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Introduction to Parcel.JS

Parcel is a web application bundler, differentiated by its developer experience. It offers blazing fast performance utilizing multicore processing, and requires zero configuration.

yarn global add parcel-bundler

Many front-end developers have become frustrated with some of the complexities involved with building web apps today. It’s pretty standard practice to include some kind of build or bundling tool in a front-end workflow, thus many developers have looked into using a front-end tool like webpack/Rollup/Parcel.

Why you should use Parcel

  • Zero configuration:

  • Performance

  • Hot Module Replacement

  • Code Splitting

  • Support many asset types


Its developers position it as a fast and zero configuration bundler with the following features:

  • Fast bundle times.

  • Zero config code splitting.

  • Hot module replacement with no configuration needed.

  • Automatic transforms using Babel, PostCSS, and PostHTML when needed.

  • Parcel has out-of-the-box support for JS, CSS, HTML, file assets, and more without needing any plugins or loaders.

  • Readable error logging by printing syntax highlighted code frames when it encounters errors.

Installing Parcel.js

You can install Parcel.js in your terminal using Yarn or npm. For this tutorial, I’ll use npm. Here’s the command to install it globally so you can use it on any project:

npm install parcel-bundler -g

The -g flag installs it globally. If you only want to install it for a single project and add it to your project’s devDependencies in package.json, you can run the same command inside the root folder of the project using the --save-dev flag instead of -g:

npm install parcel-bundler --save-dev

With the global install (which will be the most common use case), you can initiate any given project using the init command. Use the terminal to navigate to the folder you want to use as the root of your application and run:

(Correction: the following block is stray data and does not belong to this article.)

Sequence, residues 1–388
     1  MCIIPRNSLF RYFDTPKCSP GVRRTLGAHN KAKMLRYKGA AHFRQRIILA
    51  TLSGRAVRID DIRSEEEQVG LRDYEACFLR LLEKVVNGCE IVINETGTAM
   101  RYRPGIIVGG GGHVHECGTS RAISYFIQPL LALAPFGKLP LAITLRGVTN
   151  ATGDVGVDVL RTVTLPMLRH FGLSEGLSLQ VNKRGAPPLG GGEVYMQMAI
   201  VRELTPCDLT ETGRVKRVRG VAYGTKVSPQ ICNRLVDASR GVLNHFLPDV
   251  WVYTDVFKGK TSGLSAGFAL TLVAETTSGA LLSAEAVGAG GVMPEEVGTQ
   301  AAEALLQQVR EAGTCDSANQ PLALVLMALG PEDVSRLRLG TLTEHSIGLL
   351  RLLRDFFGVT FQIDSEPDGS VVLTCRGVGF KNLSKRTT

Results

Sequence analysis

npm init -y

The -y flag prevents npm from asking any questions, using the defaults for the setup. Assuming my project is called parcel-demo, this creates a package.json file at the root that looks like this:

  "name": "parcel-demo",
  "version": "1.0.0",
  "description": "",
  "main": "index.js",
  "scripts": {
    "test": "echo \"Error: no test specified\" && exit 1"
  "keywords": [],
  "author": "",
  "license": "ISC"

Code splitting with Parcel.js

In some cases, I’ll want all my modules loaded on all my pages. But in other cases, I might only want to load certain modules on certain pages, in certain contexts. This is what code splitting allows me to do. Earlier I mentioned that my example project includes three pages: index.html, about.html, and contact.html. Let’s say I want to run the same JavaScript bundle on all three pages, but on the about.html page I have a button that triggers something specific. But I only want that code to load when that button is pressed.

Here’s how that code might look using the code splitting feature:

if (document.querySelector('.about')) {
  document.querySelector('.about').addEventListener('click', ()=> {
      document.body.innerHTML += 'About Page Updated';

Notice this is incorporating a new JavaScript feature, dynamic imports using the import() function. This allows me to dynamically load the code I want in a specific instance. In this case, I’m doing it when a button is pressed on the about page. The import() feature returns a promise, so I can do whatever I want inside the .then() clause, which triggers once the imported script is loaded. The about.js script is loaded on demand and this code will be transpiled by Babel to cross-browser ES5, to ensure it works everywhere. When my bundle gets created, the about.js portion gets put in its own file inside the dist/ folder, to enable this file to be loaded on demand.

Production builds with Parcel.js

Up until now I’ve been producing all my Parcel builds on the fly using the built-in server that comes with Parcel and that includes live reload. Each time I save my project, my bundle is built. But the code was always bundled for ongoing development. This way I can view or inspect the source as needed to do some debugging.

Once my project is complete and ready to be pushed to a live server, I can stop Parcel from watching my project. CTRL-C in the terminal does this on many platforms. Then I’ll run the following command to tell Parcel to produce one final build:

parcel build index.html about.html contact.html

In this case, I’m building from all three of my entry files. Once this is done, Parcel is no longer waiting for changes; the final bundle is built and that’s it. In addition to the build being finalized, my code is prepared for production by Parcel. The HTML, CSS, and JavaScript are all minified to produce the smallest possible files for optimized performance.

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